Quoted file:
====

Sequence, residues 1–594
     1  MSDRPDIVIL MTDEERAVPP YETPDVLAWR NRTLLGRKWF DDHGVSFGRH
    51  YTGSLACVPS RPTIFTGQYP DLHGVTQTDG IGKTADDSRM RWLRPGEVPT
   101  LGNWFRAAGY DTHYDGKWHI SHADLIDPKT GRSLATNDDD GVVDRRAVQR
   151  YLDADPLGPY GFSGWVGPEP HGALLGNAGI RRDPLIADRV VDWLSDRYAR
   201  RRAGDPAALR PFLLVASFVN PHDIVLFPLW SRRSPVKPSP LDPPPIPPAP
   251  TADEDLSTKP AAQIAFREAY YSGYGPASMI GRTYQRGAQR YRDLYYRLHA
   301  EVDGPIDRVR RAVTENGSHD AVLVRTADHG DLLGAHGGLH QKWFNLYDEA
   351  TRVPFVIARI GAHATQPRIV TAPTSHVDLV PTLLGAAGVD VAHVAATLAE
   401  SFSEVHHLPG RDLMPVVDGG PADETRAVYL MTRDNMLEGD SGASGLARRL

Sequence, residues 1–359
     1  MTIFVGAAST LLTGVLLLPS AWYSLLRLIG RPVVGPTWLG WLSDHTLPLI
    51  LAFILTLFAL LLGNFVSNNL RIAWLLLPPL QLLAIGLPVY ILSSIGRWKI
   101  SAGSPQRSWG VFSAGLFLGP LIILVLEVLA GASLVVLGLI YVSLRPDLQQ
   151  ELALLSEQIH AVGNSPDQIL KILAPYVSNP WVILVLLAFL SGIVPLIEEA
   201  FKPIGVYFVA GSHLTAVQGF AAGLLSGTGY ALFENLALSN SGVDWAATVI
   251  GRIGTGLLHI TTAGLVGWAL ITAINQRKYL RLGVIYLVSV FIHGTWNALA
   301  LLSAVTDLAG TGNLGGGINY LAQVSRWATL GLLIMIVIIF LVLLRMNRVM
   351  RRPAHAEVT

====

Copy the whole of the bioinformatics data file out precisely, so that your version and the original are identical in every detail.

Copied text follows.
Sequence, residues 1–594
     1  MSDRPDIVIL MTDEERAVPP YETPDVLAWR NRTLLGRKWF DDHGVSFGRH
    51  YTGSLACVPS RPTIFTGQYP DLHGVTQTDG IGKTADDSRM RWLRPGEVPT
   101  LGNWFRAAGY DTHYDGKWHI SHADLIDPKT GRSLATNDDD GVVDRRAVQR
   151  YLDADPLGPY GFSGWVGPEP HGALLGNAGI RRDPLIADRV VDWLSDRYAR
   201  RRAGDPAALR PFLLVASFVN PHDIVLFPLW SRRSPVKPSP LDPPPIPPAP
   251  TADEDLSTKP AAQIAFREAY YSGYGPASMI GRTYQRGAQR YRDLYYRLHA
   301  EVDGPIDRVR RAVTENGSHD AVLVRTADHG DLLGAHGGLH QKWFNLYDEA
   351  TRVPFVIARI GAHATQPRIV TAPTSHVDLV PTLLGAAGVD VAHVAATLAE
   401  SFSEVHHLPG RDLMPVVDGG PADETRAVYL MTRDNMLEGD SGASGLARRL

Sequence, residues 1–359
     1  MTIFVGAAST LLTGVLLLPS AWYSLLRLIG RPVVGPTWLG WLSDHTLPLI
    51  LAFILTLFAL LLGNFVSNNL RIAWLLLPPL QLLAIGLPVY ILSSIGRWKI
   101  SAGSPQRSWG VFSAGLFLGP LIILVLEVLA GASLVVLGLI YVSLRPDLQQ
   151  ELALLSEQIH AVGNSPDQIL KILAPYVSNP WVILVLLAFL SGIVPLIEEA
   201  FKPIGVYFVA GSHLTAVQGF AAGLLSGTGY ALFENLALSN SGVDWAATVI
   251  GRIGTGLLHI TTAGLVGWAL ITAINQRKYL RLGVIYLVSV FIHGTWNALA
   301  LLSAVTDLAG TGNLGGGINY LAQVSRWATL GLLIMIVIIF LVLLRMNRVM
   351  RRPAHAEVT